Purtscher's retinopathy

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Editor-In-Chief: C. Michael Gibson, M.S., M.D. [1] Associate Editor(s)-in-Chief: Jyostna Chouturi, M.B.B.S [2]


Purtscher's retinopathy is a disease where part of the eye (retina) is damaged. Usually associated with severe head injuries, it may also occur with other types of trauma, such as long bone fractures, or with several non-traumatic systemic diseases. However, the exact cause of the disease is not well understood. There are no treatments specific for Purtscher's retinopathy, and the prognosis varies. The disease can threaten vision, sometimes causing temporary or permanent blindness.

It is named for the Austrians ophthalmologist, Othmar Purtscher (1852–1927), who detected it in 1910 and described it fully in 1912.

History of the disease

Purtscher's retinopathy was first characterized in 1910 and 1912 as a syndrome of sudden blindness after head trauma,[1] with patches of hemorrhage and whitening of the retina in both eyes.[2] Later, it was discovered to occur after other types of |trauma, such as chest trauma, and is associated with several non-traumatic systemic diseases.[2] Purtscher's retinopathy may also be associated with acute pancreatitis, vasculitis, embolization of such materials as fat and amniotic fluid,[3] systemic lupus erythematosus, thrombotic thrombocytopenic purpura, and chronic renal failure.[2] Purtscher's retinopathy may be caused by extensive fractures of the long bones.[4]


Where trauma is involved, only afunduscopic examination of the back of the eye (retina) is necessary to make the diagnosis.[2] Fluoroscein angiography may show a decrease in blood flow to the areas of whiteness in the retina.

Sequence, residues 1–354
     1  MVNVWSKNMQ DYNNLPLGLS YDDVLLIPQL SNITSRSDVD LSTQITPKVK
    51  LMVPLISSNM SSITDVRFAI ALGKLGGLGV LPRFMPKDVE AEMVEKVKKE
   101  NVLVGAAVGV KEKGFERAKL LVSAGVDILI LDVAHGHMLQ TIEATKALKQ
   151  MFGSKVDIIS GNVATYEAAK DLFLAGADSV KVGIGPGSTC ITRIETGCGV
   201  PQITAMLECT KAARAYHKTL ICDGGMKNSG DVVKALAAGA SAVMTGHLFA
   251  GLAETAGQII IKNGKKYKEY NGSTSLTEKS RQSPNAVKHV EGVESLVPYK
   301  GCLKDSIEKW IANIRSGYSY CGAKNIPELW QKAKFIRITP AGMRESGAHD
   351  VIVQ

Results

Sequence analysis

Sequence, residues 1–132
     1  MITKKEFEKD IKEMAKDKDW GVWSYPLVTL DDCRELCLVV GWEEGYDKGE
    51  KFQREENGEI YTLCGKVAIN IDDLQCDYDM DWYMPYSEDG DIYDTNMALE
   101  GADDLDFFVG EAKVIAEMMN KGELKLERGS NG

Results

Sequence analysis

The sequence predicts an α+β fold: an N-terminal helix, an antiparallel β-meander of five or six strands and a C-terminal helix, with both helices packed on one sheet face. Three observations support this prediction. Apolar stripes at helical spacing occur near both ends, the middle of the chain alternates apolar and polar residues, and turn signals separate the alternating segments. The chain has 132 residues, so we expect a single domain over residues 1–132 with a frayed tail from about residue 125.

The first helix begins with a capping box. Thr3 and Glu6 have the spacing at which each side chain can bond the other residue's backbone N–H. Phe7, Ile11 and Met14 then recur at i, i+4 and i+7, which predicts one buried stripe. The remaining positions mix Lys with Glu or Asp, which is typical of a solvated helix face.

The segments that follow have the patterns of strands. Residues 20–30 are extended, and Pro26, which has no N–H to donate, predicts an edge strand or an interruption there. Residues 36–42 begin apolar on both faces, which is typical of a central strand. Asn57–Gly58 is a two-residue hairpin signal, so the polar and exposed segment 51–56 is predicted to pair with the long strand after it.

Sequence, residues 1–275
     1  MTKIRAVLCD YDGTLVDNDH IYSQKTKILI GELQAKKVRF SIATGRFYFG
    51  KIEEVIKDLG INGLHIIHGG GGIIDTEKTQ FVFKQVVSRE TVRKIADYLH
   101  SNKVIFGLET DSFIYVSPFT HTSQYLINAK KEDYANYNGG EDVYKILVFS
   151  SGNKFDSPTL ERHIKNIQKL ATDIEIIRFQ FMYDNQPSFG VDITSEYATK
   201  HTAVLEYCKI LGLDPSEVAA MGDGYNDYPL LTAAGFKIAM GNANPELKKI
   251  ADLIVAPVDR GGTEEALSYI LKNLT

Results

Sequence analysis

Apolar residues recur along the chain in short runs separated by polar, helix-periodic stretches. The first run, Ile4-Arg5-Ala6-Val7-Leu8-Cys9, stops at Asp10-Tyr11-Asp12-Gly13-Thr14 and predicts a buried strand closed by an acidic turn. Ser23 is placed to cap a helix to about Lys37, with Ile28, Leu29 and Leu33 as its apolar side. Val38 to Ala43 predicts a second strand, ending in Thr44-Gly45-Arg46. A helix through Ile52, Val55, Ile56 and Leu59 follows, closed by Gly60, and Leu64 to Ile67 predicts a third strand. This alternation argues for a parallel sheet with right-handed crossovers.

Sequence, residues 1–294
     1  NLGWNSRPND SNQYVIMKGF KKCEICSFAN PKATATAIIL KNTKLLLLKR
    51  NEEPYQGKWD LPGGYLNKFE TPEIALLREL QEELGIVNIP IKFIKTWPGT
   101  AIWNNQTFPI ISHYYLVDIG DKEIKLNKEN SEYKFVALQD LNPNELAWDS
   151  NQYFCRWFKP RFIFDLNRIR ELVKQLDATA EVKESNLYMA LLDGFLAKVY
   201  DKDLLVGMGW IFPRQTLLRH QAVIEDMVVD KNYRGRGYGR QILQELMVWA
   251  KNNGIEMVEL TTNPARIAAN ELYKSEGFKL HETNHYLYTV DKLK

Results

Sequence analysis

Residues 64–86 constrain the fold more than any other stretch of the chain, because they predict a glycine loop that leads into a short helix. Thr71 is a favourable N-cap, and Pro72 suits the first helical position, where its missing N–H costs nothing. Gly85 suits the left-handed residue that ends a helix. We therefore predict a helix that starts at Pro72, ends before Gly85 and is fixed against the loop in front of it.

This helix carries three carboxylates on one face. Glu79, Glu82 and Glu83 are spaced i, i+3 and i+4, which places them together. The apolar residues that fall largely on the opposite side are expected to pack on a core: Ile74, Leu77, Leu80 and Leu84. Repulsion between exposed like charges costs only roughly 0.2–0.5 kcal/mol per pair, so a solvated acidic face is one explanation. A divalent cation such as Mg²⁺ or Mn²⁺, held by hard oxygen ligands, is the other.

Purtscher's retinopathy likely involves complex pathophysiology, with several contributing factors, including complement-mediated aggregates, fat, air, fibrin clots and platelet clumps.[5] The diseases leads to the formation of cotton wool spots in the retina, a finding observed in several other diseases, and atrophy of the optic nerve.[2]

Associated diseases


It may be treated with triamcinolone in some cases.[6] However, in general, there are no treatments for Purtscher's retinopathy. If it is caused by a systemic disease or emboli, then those conditions should be treated.


Purtscher's retinopathy can lead to loss of vision,[7] and recovery of vision may occur very little.[2] However, vision recovery does occur in some cases, and reports have varied on the long-term prognosis.[8]


  1. Purtscher O (1912). "Angiopathia retinae traumatica. Lymphorrhagien des Augengrundes". Archives of Ophthalmology. 82: 347–71. doi:10.1007/bf01929449.
  2. 2.0 2.1 2.2 2.3 2.4 2.5 Yanoff, Myron; Duker, Jay S. (2008). Ophthalmology (3rd ed.). Edinburgh: Mosby. pp. 750–754. ISBN 978-0323057516.
  3. Retinopathy, Purtscher's at eMedicine
  4. Chuang, EL (March 1985). "Retinal lesions following long bone fractures". Ophthalmology. 92 (3): 370–4. doi:10.1016/s0161-6420(85)34023-x. PMID 3991127. Unknown parameter |coauthors= ignored (help); |access-date= requires |url= (help)
  5. Buckley, Sally A.; James, B (July 1996). "Purtscher's retinopathy". Postgraduate Medical Journal. 72 (849): 409–12. doi:10.1136/pgmj.72.849.409. PMC 2398519. PMID 8935600. Retrieved 2 December 2012.
  6. Olson J, Rouhani B, Mandava N (March 2008). "Sub-Tenon's triamcinolone for post-partum Purtscher's-like retinopathy". Clinical Ophthalmology. 2 (1): 195–8. doi:10.2147/opth.s2080. PMC 2698687. PMID 19668404.
  7. Agrawal A, McKibbin M (Nov 2007). "Purtscher's retinopathy: epidemiology, clinical features, and outcome". British Journal of Ophthalmology. 91 (11): 1456–9. doi:10.1136/bjo.2007.117408. PMC 2095457. PMID 17556428.
  8. Schmidt, D; Otto, T (June 2004). "Prognosis and differential diagnosis of Purtscher's retinopathy". Der Ophthalmologe : Zeitschrift der Deutschen Ophthalmologischen Gesellschaft. 101 (6): 576–83. doi:10.1007/s00347-003-0952-6. PMID 15197574. |access-date= requires |url= (help)